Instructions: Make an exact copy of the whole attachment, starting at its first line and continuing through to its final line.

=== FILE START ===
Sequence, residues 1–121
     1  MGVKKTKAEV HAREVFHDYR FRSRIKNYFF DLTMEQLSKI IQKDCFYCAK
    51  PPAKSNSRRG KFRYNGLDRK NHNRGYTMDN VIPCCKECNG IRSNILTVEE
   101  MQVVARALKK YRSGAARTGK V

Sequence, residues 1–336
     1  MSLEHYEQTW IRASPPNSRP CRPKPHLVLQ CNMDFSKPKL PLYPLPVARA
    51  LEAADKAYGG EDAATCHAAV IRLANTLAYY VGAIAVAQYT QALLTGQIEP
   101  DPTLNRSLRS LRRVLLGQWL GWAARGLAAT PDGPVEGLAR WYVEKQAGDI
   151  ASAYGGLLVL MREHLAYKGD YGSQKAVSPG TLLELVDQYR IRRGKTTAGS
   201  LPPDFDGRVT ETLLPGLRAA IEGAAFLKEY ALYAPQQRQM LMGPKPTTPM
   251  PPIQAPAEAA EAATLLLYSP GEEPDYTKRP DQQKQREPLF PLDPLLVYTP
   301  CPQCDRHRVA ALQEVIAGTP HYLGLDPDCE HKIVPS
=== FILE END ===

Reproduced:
Sequence, residues 1–121
     1  MGVKKTKAEV HAREVFHDYR FRSRIKNYFF DLTMEQLSKI IQKDCFYCAK
    51  PPAKSNSRRG KFRYNGLDRK NHNRGYTMDN VIPCCKECNG IRSNILTVEE
   101  MQVVARALKK YRSGAARTGK V

Sequence, residues 1–336
     1  MSLEHYEQTW IRASPPNSRP CRPKPHLVLQ CNMDFSKPKL PLYPLPVARA
    51  LEAADKAYGG EDAATCHAAV IRLANTLAYY VGAIAVAQYT QALLTGQIEP
   101  DPTLNRSLRS LRRVLLGQWL GWAARGLAAT PDGPVEGLAR WYVEKQAGDI
   151  ASAYGGLLVL MREHLAYKGD YGSQKAVSPG TLLELVDQYR IRRGKTTAGS
   201  LPPDFDGRVT ETLLPGLRAA IEGAAFLKEY ALYAPQQRQM LMGPKPTTPM
   251  PPIQAPAEAA EAATLLLYSP GEEPDYTKRP DQQKQREPLF PLDPLLVYTP
   301  CPQCDRHRVA ALQEVIAGTP HYLGLDPDCE HKIVPS